Because I have been giving election talks with more frequency of late, I haven’t been able to post nearly as often as I would like. In giving those talks, however, I am reminded (and I remind my audiences!) that, once again, looked at in the aggregate, the structural-based political science forecast models issued by Labor Day (or earlier) have proved remarkably accurate. For those new to this blog, the median forecast of the 11 political science forecast models that I reviewed in previous posts gave Obama 50.6% of the two-party vote. The average forecast from those 11 models gave Obama 50.3% of the two-party vote. Remember, this was before the debates, the tax returns, the “gaffes”, and all the other events cited by various pundits as potential game changers. As of today, that aggregate median forecast (those who attend my talks will remember that the aggregate median forecast provides the basis of my election prediction) from two months ago looks like it will come very close to hitting the final Obama popular vote share squarely on the head if the national tracking polls are to be believed. This is no mean feat, in my book, and it is a reminder that political scientists have developed a decent understanding of the factors that drive presidential election outcomes. It is reassuring that this election cycle has proved remarkably unsurprising in terms of its likely outcome.
Of course, while those structural models may be correct in predicting this race would essentially be a dead heat, they don’t tell us who is going to win, which is what most people want to know. At this point, five days before the election, you are better off looking at the polls – state and national – which are probably going to be more accurate than structural models devised several months ago in predicting the winner (even if they are going to be far less useful in understanding why Obama, or Romney, won). Several political scientists (and others) have developed Electoral College forecast models based on state-level polls, in contrast to the structural models which ignore polls entirely. I present four of these state-based projections here. (Readers will remember that if I can’t see what goes into a prediction model, I don’t bother following its projections. That’s a basic tenet among academics, and it explains why I ignore some of the more highly publicized state-based forecast models. )
As you can see, all four of these forecasts show, as of today, that Obama is likely to win the Electoral College vote, based on state-level polls. This has led pundits at some sites, like this one at Mother Jones, to suggest that if all these prognosticators are predicting an Obama victory, it must be so. But it would be a mistake to treat these forecasts as independent assessments. In fact, all rely on the same set of state-level polls, and if the polls are wrong for some reason, all of the projections will be off as well. Moreover, as several commentators have noted, the national tracking polls tell a slightly different story. Consistent with the structural forecast models, they indicate that this race is actually a dead heat. Indeed, some pundits, like Pollster.com’s Steve Lombardo, are convinced that the national tracking polls indicate that Romney is poised to win the national popular vote. Lombardo writes,” Our current estimate (which we will update next Tuesday morning) suggests that Romney will capture 51 percent of the popular vote to Obama’s 48.5 percent. The trend line-based on 26 national polls conducted over the last 30 days –is both unmistakable and virtually unassailable.”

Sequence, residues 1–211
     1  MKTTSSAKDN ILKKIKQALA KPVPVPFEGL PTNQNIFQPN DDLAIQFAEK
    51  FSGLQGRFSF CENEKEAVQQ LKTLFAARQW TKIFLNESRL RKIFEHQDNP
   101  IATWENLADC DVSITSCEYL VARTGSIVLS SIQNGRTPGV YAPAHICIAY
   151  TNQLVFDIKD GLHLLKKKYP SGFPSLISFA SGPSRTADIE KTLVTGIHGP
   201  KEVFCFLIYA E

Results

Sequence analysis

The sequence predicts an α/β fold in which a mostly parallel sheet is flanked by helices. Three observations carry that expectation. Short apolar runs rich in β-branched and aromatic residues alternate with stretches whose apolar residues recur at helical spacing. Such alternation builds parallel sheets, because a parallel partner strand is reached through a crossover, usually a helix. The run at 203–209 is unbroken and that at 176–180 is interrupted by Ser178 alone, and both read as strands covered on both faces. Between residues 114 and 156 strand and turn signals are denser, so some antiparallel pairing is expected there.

If Lombardo is right, there is virtually no chance that Obama will win the Electoral College vote. The problem with this projection is that Lombardo assumes the trajectory of the trend line will continue unabated through Election Day. My read of the latest national tracking polls, however, suggests that Romney’s “momentum” has dissipated, and that the race has settled into a rather stable equilibrium, with neither candidate showing an advantage. As evidence, consider the latest RCP composite poll, which shows the race essentially tied.
I have said all along that the state-level polls and the national polls will gradually converge. But in whose favor? In my next post, I’ll address evidence suggesting that Romney may benefit from an “enthusiasm” advantage among Republican voters. In the meantime, however, it is worth remembering that, once again, the “composite” political science forecast reveals that presidential elections are rather predictable affairs and that contrary to what some pundits have suggested, this election has – to date – contained few surprises.
So, who is really winning this race? As of today, it is political scientists.